The question arises as to whether a sunflower seed may be considered a berya despite the fact that its shell is removed prior to eating.  This issue would seemingly hinge on the aforementioned dispute between the Rashba and the Rosh as to whether Rabbi Yochanan, in the incident recorded in the Yerushalmi, ate the olive's pit.  According to the Rosh (6:16), if one partakes of the item in the manner in which it is normally eaten, we may consider the item a berya even though the pit is removed.  The Rashba, as we saw, disagrees.  The straightforward reading of the Rema (210:2) indicates that an item cannot be considered a berya once its shell is removed.  The Magen Avraham (210:4), however, rules, "If one ate that which is inside the shell it is considered a berya, for he ate what it is able to be eaten of it."  (One might distinguish, however, between a shell, which encases the fruit/nut from the outside, and the pit, which is located inside the fruit.)  In truth, even one who eats a ke-zayit of sunflower seeds runs into a halakhic quandary, unless he ate the ke-zayit within the timeframe of kedei akhilat peras.  Even though a ke-zayit of sunflower seeds are not normally eaten within this timeframe, the Rishonim debate the issue of whether one can recite berakha acharona over a ke-zayit of this type of food consumed over the course of a longer duration.  (See Mishna Berura 210:1 who discusses the issue of drinking tea and coffee, and concludes that one should not recite a berakha acharona.)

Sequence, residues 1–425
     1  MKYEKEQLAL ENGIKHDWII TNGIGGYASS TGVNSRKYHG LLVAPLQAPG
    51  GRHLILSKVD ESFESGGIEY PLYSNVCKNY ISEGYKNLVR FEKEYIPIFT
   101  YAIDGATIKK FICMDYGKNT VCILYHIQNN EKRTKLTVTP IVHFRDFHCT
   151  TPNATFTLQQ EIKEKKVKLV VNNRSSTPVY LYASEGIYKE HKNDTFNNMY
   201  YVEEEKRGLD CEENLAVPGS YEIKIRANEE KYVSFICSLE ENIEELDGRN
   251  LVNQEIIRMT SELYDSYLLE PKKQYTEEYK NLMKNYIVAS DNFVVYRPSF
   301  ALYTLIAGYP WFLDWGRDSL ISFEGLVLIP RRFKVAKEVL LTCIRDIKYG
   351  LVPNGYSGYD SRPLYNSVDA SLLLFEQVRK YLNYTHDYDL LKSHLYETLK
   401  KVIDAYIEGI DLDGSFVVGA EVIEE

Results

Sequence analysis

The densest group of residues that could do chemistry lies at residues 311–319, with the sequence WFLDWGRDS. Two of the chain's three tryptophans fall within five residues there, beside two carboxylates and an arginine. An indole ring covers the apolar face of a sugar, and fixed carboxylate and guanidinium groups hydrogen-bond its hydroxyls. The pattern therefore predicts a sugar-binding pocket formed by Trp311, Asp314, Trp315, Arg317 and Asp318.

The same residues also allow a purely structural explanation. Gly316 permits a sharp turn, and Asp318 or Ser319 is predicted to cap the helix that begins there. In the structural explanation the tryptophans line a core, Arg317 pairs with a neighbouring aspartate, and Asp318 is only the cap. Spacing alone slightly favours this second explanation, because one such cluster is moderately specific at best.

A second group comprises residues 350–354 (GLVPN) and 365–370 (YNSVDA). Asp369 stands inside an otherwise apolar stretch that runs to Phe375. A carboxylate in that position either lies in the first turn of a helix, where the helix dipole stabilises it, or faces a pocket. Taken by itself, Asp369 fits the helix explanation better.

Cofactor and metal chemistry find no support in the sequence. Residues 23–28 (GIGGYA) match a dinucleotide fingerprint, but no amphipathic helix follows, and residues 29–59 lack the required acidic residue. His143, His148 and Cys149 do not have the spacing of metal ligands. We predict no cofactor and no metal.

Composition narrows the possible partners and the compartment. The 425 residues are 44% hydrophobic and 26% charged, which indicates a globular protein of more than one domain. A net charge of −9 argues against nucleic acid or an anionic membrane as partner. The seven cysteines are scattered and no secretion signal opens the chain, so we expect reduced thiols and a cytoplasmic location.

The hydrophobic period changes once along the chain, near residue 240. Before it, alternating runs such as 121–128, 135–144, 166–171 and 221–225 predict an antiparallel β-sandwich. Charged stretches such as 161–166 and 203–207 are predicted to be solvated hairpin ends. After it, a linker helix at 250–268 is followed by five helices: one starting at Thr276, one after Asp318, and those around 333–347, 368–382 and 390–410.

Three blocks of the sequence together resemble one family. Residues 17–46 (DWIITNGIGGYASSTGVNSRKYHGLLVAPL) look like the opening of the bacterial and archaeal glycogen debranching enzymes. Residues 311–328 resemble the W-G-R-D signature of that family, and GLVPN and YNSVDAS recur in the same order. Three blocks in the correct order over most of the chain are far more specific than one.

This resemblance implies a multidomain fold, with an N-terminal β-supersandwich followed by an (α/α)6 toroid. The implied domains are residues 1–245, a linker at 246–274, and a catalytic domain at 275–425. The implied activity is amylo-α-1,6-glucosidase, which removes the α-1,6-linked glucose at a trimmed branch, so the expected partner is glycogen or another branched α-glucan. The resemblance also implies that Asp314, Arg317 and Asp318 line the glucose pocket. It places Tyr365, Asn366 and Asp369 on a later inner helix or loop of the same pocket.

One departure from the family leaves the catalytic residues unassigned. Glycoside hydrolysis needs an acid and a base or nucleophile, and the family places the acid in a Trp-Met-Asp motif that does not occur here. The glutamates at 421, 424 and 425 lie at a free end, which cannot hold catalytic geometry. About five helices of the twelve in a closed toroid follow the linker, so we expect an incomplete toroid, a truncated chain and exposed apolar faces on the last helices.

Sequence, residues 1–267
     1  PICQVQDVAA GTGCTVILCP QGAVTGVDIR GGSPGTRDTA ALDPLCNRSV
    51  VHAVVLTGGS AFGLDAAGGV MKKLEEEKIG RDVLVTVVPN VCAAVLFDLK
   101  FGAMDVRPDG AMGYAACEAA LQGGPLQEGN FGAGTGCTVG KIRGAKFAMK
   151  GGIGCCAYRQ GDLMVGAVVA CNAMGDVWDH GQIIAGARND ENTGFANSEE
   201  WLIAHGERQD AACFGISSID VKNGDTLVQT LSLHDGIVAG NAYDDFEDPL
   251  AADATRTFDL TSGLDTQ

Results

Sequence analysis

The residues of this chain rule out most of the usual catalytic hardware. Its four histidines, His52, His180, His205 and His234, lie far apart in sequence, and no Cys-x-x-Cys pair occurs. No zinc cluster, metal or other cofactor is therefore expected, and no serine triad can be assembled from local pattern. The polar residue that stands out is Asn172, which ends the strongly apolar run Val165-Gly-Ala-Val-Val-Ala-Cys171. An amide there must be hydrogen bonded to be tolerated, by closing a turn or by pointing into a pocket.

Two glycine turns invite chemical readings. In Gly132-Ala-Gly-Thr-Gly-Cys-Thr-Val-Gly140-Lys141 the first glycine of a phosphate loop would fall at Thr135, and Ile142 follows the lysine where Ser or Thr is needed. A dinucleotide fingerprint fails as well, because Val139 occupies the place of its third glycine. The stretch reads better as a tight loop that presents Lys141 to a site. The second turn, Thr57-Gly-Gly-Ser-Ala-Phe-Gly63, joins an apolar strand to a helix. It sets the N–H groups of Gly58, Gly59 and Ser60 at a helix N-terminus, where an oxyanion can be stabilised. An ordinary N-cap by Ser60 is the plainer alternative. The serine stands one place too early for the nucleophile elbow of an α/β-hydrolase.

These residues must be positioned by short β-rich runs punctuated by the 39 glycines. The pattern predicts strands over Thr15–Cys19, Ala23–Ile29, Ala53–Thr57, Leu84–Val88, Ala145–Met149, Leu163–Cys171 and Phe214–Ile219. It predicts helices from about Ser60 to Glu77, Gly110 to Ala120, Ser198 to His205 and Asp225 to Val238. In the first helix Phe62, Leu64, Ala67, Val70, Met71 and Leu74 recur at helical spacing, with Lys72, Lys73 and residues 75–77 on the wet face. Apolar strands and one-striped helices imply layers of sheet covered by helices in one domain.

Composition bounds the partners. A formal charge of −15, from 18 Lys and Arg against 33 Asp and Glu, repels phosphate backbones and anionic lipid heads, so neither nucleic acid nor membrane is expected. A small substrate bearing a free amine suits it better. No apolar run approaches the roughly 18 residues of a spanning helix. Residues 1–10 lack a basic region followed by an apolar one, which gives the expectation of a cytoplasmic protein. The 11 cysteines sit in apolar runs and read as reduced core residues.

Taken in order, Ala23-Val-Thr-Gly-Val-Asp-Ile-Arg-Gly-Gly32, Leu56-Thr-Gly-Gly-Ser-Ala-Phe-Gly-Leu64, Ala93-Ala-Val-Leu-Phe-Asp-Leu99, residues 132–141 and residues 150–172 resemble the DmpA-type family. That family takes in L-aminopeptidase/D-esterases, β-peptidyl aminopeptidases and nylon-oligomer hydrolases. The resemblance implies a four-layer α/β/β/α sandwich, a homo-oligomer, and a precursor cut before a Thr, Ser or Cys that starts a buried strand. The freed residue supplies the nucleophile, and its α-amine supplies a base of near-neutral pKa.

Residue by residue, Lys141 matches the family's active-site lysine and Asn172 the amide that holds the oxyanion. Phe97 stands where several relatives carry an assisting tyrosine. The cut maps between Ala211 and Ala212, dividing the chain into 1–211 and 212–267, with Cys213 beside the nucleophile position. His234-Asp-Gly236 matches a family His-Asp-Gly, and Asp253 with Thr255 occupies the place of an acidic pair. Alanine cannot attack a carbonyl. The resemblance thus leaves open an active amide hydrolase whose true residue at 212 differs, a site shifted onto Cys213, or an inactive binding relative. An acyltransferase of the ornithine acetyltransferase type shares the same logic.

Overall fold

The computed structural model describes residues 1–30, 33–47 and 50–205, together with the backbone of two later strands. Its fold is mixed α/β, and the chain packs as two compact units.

We have thus seen a tradition of uncertainty stemming from what appears to be a debate between the Bavli and Yerushalmi in understanding the incident involving Rabbi Yochanan and Rabbi Chiya Bar Abba.  This question was debated again by the Rishonim, and then later by the more recent poskim.  We addressed the underlying principles of the halakha of berya in order to clarify both sides of the issue, but ultimately, the uncertainty remains. U-ke-shem she-kibalnu sekhar al ha-derisha, kakh kibalnu sekhar al ha-perisha (just as we received reward for our study, so have we received reward for ending the discussion inconclusively).


Sources and questions for the next shiur:



1. 39b "Heivi-u lifneihem … boshesh"

2. Tosafot s.v. hakol modim, Tosafot Pesachim 115a s.v. hadar.

3. Yerushalmi Berakhot 6:1 R. Zrikan amar R"Z ba-I … levatala"' Tosafot 39b s.v. vihilkhita.

4. Tosefta Berakhot 4:1.

5. 48b "ein li ela li-acharav … hakruim", Rashi s.v.  ki.



1. Why is it difficult to apply "ein osin mitzvot chavilot chavilot" to making a birkat hamotzi and akhilat matza on the same matza?

2. What is the explanation for the din of the Yerushalmi?

3.What is difficult with Rashi's commentary of the gemara on 48a?